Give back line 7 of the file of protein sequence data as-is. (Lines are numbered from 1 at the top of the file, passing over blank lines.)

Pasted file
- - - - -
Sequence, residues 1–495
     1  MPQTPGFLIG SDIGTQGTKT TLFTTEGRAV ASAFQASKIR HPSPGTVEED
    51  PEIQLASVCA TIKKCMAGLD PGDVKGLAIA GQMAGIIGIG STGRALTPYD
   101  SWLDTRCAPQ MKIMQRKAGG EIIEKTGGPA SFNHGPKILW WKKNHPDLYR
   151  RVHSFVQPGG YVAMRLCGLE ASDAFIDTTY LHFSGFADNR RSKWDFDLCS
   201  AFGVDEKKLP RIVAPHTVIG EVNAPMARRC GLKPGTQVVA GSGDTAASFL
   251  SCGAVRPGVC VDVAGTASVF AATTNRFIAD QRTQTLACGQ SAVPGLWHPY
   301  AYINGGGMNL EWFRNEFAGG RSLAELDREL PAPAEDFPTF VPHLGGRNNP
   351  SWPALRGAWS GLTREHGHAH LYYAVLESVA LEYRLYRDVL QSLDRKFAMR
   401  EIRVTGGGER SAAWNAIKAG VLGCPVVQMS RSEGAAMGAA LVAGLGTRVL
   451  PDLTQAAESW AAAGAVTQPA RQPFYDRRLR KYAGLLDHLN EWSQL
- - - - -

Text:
   251  SCGAVRPGVC VDVAGTASVF AATTNRFIAD QRTQTLACGQ SAVPGLWHPY